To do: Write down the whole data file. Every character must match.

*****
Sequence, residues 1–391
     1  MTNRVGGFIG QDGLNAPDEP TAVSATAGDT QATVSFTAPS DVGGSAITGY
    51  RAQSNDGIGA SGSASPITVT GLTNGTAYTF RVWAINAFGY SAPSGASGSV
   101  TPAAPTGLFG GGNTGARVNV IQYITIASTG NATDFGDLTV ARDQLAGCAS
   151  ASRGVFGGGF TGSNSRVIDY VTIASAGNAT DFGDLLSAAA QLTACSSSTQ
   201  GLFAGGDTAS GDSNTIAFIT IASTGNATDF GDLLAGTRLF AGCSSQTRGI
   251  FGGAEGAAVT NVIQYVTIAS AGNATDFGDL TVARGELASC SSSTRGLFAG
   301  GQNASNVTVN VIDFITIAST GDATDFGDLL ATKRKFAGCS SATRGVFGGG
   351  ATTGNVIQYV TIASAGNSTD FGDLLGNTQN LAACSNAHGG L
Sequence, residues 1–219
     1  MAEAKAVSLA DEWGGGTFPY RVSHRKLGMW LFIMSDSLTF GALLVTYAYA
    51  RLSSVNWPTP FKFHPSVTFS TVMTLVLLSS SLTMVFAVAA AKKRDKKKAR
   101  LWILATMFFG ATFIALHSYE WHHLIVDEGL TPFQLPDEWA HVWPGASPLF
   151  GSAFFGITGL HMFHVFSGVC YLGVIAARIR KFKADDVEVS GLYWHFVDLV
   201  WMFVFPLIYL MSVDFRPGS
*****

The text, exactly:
Sequence, residues 1–391
     1  MTNRVGGFIG QDGLNAPDEP TAVSATAGDT QATVSFTAPS DVGGSAITGY
    51  RAQSNDGIGA SGSASPITVT GLTNGTAYTF RVWAINAFGY SAPSGASGSV
   101  TPAAPTGLFG GGNTGARVNV IQYITIASTG NATDFGDLTV ARDQLAGCAS
   151  ASRGVFGGGF TGSNSRVIDY VTIASAGNAT DFGDLLSAAA QLTACSSSTQ
   201  GLFAGGDTAS GDSNTIAFIT IASTGNATDF GDLLAGTRLF AGCSSQTRGI
   251  FGGAEGAAVT NVIQYVTIAS AGNATDFGDL TVARGELASC SSSTRGLFAG
   301  GQNASNVTVN VIDFITIAST GDATDFGDLL ATKRKFAGCS SATRGVFGGG
   351  ATTGNVIQYV TIASAGNSTD FGDLLGNTQN LAACSNAHGG L
Sequence, residues 1–219
     1  MAEAKAVSLA DEWGGGTFPY RVSHRKLGMW LFIMSDSLTF GALLVTYAYA
    51  RLSSVNWPTP FKFHPSVTFS TVMTLVLLSS SLTMVFAVAA AKKRDKKKAR
   101  LWILATMFFG ATFIALHSYE WHHLIVDEGL TPFQLPDEWA HVWPGASPLF
   151  GSAFFGITGL HMFHVFSGVC YLGVIAARIR KFKADDVEVS GLYWHFVDLV
   201  WMFVFPLIYL MSVDFRPGS